A panda living at China's Hongshan Zoo has been diagnosed as suffering from stress after the area outside his cage was taken over by a group of square dancing grannies. Elderly ladies wanting to keep fit and taking up square dancing in any public space have become a mass phenomena in China, with many conflicts between the dancers and local residents who complain that sometimes the practice sessions go on into the early hours of the morning.
For their part the pensioners say during the day it is always too busy, and always too hot as well. They prefer instead to dance in the evening and sleep during the day.
But that schedule has not gone down well with the panda at the zoo in the city of Nanjing in eastern China's Jiangsu Province.
The giant panda's keeper Guang Tien, 43, said: "As soon as the music starts and the women begin dancing, Chaoyang begins pacing back and forth and is clearly nervous and distressed.
"Just like people, there are some animals that can handle noise, and other animals that get stressed out and anxious. Pandas are one of the animals that really can't handle noise, and after trying to work out why he seems so anxious and of his food lately, we discovered that the cause was the dancers."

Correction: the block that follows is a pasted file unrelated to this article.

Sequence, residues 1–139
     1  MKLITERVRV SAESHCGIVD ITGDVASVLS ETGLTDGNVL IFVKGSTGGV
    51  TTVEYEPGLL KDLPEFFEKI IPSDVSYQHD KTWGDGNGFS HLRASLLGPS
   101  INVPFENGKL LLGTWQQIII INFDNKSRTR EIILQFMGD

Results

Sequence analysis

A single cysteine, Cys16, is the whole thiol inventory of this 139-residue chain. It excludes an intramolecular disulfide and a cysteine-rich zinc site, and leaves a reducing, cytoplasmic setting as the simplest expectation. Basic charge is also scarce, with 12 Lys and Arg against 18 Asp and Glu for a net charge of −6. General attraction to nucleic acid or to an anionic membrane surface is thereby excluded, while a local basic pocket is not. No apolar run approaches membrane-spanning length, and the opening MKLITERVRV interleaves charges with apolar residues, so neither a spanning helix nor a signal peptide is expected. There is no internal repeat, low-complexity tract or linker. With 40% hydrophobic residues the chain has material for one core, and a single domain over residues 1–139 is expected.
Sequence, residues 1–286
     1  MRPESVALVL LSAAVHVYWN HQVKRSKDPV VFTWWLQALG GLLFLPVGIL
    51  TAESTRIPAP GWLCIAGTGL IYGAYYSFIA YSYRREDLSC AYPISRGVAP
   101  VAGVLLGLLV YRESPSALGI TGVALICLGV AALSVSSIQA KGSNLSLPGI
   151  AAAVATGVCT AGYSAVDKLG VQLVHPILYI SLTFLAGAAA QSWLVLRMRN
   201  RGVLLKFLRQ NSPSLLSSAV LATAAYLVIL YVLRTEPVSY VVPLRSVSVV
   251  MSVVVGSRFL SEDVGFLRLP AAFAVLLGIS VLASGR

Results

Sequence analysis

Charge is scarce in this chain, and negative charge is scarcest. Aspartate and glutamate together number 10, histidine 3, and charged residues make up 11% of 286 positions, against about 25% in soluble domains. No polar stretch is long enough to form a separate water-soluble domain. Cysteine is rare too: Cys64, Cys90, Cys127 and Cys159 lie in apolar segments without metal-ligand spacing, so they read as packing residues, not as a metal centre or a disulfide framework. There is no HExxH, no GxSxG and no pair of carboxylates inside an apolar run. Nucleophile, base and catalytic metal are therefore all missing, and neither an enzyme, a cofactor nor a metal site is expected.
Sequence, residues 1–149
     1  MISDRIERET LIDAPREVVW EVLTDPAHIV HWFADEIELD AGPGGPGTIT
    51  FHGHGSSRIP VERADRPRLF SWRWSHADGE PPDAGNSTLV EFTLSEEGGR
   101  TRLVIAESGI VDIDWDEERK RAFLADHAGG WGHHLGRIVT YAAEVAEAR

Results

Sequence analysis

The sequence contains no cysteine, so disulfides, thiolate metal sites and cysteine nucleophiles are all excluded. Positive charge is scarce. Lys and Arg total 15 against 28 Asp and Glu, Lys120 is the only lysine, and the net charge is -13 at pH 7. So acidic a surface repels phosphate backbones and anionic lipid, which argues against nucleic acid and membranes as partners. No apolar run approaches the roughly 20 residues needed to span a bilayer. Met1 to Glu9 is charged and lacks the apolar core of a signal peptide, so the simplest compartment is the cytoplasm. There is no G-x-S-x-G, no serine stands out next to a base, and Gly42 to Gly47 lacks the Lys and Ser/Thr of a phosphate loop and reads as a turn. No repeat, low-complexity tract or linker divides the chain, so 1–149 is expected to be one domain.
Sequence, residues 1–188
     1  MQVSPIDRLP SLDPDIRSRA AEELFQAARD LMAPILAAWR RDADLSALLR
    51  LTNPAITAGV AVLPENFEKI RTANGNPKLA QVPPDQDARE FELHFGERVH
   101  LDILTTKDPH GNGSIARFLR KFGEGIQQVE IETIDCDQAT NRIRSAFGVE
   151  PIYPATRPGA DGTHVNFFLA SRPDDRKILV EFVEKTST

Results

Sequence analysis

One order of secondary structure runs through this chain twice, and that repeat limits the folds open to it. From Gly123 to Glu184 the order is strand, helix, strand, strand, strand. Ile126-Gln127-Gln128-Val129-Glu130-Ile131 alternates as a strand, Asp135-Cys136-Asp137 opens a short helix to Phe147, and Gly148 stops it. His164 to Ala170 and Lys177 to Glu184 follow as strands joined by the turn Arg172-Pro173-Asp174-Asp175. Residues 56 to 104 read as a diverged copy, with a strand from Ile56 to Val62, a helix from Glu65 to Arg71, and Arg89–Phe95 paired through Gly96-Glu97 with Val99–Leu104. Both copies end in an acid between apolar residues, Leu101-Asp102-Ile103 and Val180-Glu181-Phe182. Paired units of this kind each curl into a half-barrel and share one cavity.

Zoo director Shen Zhijun said that they had called in experts from the Sichuan-based Ya'an Giant Panda Reserve Center, who discovered that the panda's heartbeat and breathing increased noticeably when Chaoyang heard the women arrived.
He said: "The women also sing very loudly and very badly. Even I can hear them from a long distance away when I am inside with the windows closed. I've tried to persuade them to lower their voices but they refused."
Shen said that not just the pandas but also other animals, noticeably the hornbills and giraffes, are also suffering ever since the singing and dancing square dancers have taken up position.
He added: "Visitors are complaining, because when the dancers start up the animals go back inside their cages and refused to come out."